What is the ownership of answers?

I started teaching languages when I was an infant and several of my students have reached a level very close to native speakers. In order to still be able to teach them something, I have a huge collection of my own observations about subtle differences that tend to escape our eye. I have never wished to publish any of this, but I don't want to exclude the possibility of me or my family doing so some day. Today one such question appeared on stack exchange.

Will I encounter copyright issues if I ever publish my own answer?

  • 2
    Just so I fully understand this: You may want to publish content from your own Stack Exchange answers elswhere, e.g., in a book, and ask whether you may do so?
    – Wrzlprmft Mod
    Commented Jul 15, 2015 at 12:19
  • @Wrzlprmft Yes. Me or my family. And they will be copying from my own teaching notes for very advanced students, which may bear gross resemblance to my own answers, because I have explained these things more than 100 times (in rare cases). Thus you can expect me to get a bit repetitive:D
    – Ludi
    Commented Jul 15, 2015 at 12:23
  • I've always understood answers and questions as implicitly conceding the WTFPL. That's why I'm looking forward to read an authoritative answer to this question.
    – c.p.
    Commented Jul 15, 2015 at 12:28
  • @c.p. what is the WTFPL?
    – Ludi
    Commented Jul 15, 2015 at 12:38
  • @c.p. Thank you. For me your explanation shall suffice :D
    – Ludi
    Commented Jul 15, 2015 at 12:46
  • @c.p. nope. no WTFPL on SE, if not specifically conceded by the original and sole creator of the content.
    – Vogel612
    Commented Jul 15, 2015 at 12:56
  • WTFPL is the do What The Fuck you want to Public License. See en.wikipedia.org/wiki/WTFPL It is a very rarely used license, developed for software, but might be used in other branches too. It is an offspring of public domain license. WTFPL was approved as a GPL-compatible free software license by the Free Software Foundation but its use is “not recommended.” I'm pretty sure, that it is not the official license model for StackExchange. Commented Aug 15, 2015 at 9:00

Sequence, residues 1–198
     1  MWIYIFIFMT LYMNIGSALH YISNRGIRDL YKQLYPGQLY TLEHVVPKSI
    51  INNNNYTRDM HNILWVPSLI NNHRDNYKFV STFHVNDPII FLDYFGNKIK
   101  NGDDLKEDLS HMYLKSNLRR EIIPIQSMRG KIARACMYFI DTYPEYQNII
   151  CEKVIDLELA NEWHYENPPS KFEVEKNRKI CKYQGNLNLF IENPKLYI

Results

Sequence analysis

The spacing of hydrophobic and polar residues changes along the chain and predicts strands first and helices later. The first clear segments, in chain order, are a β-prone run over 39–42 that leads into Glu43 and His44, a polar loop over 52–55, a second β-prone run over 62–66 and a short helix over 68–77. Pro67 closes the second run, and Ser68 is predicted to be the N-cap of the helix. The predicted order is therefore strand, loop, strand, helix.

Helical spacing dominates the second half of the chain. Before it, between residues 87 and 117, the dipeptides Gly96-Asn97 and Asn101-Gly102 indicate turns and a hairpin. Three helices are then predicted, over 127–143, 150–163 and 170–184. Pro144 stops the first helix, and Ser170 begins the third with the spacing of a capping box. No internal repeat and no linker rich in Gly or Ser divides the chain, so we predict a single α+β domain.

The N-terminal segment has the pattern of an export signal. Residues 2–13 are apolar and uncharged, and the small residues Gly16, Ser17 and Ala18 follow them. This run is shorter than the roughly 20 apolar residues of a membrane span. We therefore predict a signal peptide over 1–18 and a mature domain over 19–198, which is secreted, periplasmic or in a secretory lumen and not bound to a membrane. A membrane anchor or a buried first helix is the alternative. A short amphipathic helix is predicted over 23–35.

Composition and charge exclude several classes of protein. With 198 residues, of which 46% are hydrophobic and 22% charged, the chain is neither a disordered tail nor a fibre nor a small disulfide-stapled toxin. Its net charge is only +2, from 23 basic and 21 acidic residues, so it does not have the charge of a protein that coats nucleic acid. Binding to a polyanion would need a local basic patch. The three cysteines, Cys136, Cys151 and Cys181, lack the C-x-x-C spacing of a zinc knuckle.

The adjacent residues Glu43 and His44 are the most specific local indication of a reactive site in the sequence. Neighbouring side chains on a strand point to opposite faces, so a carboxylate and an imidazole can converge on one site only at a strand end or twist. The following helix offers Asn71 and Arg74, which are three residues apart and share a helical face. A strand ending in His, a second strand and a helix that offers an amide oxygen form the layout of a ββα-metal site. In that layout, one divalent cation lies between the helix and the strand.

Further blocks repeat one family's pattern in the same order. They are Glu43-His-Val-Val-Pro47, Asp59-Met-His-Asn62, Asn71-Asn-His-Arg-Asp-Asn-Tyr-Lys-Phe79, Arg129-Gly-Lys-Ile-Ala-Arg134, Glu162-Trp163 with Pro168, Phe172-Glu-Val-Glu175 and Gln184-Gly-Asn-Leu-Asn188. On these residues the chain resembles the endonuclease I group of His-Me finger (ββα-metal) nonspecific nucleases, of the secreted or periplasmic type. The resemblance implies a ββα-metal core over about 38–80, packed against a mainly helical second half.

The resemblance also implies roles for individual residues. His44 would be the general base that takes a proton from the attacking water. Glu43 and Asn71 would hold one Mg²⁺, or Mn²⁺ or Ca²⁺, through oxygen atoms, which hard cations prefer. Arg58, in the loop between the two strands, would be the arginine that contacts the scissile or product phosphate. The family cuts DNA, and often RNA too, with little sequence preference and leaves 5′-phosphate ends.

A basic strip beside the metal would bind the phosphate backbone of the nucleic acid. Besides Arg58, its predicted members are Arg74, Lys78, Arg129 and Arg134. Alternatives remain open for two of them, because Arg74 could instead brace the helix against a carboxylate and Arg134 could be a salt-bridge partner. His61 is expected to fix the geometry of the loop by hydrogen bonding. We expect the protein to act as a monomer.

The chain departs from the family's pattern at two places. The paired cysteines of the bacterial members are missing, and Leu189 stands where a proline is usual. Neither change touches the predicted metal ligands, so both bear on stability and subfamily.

1 Answer 1


So IANAL, but let me quote the StackExchange TOS here:

You agree that all Subscriber Content that You contribute to the Network is perpetually and irrevocably licensed to Stack Exchange under the Creative Commons Attribution Share Alike license.

Then follows lots and lots of legal stuff, and then this section:

In the event that You post or otherwise use Subscriber Content outside of the Network or Services, with the exception of content entirely created by You, You agree that You will follow the attribution rules of the Creative Commons Attribution Share Alike license as follows: [..] - highlighting by me

The baseline is: You still are the original owner of the content.
While what you contributed is "perpetually and irrevocably" licensed under CC-BY-SA 3.0, you have the right to relicense and republish your own work under any license you choose, as long as it's "content entirely created by you"

  • 4
    Most importantly: By licensing something under a Creative Commons licence, all you do is to allow others to use your creations (under certain conditions). You are not making any agreement that you will refrain from doing anything with your content and thus are free to do what you want with it, as if you had never posted it.
    – Wrzlprmft Mod
    Commented Jul 15, 2015 at 12:59
  • What does IANAL mean?
    – Ludi
    Commented Jul 15, 2015 at 13:03
  • @Ludi I am not a lawyer
    – Vogel612
    Commented Jul 15, 2015 at 13:03
  • @Vogel612 I assumed so. Are you saying this in response to my asking about the abbreviation? I hadn't interpreted it as part of the legal text.
    – Ludi
    Commented Jul 15, 2015 at 13:05
  • yes. no the legal text is only the quoted part.
    – Vogel612
    Commented Jul 15, 2015 at 13:09
  • 1
    But always remember to disclose to the publisher, that this has already been published in some form. Commented Jul 17, 2015 at 5:25

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